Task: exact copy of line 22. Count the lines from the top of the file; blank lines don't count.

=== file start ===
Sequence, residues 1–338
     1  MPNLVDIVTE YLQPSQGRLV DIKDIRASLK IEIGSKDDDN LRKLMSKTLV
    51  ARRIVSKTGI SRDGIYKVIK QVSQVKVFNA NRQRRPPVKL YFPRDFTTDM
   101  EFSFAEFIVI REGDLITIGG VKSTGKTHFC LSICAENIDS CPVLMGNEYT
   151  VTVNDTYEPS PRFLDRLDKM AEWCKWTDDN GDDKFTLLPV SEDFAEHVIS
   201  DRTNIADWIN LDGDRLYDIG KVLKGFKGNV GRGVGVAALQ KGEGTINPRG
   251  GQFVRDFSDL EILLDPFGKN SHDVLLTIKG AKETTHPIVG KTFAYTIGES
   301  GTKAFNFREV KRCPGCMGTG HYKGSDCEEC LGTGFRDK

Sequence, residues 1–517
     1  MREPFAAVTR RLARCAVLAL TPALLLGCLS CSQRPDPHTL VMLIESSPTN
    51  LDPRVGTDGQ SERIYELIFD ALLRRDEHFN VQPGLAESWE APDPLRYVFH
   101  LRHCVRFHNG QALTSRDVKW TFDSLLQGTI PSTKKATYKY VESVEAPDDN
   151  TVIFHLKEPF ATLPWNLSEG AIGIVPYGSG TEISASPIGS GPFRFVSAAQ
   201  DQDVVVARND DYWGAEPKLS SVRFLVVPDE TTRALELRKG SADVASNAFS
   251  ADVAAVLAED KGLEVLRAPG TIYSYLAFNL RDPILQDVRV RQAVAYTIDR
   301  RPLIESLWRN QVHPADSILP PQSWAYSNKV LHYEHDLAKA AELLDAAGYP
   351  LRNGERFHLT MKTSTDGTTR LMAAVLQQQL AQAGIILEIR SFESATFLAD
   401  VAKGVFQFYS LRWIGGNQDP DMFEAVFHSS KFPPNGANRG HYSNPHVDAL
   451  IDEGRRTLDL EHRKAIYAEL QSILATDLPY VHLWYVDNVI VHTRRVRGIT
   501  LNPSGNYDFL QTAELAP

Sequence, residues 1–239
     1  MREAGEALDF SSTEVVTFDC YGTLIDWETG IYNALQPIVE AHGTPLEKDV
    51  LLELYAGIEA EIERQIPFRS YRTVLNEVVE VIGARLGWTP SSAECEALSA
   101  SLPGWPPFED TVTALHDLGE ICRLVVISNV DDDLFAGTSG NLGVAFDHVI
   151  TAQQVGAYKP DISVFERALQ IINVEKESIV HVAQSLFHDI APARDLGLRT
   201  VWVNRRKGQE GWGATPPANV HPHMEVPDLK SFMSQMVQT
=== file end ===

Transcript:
     1  MREAGEALDF SSTEVVTFDC YGTLIDWETG IYNALQPIVE AHGTPLEKDV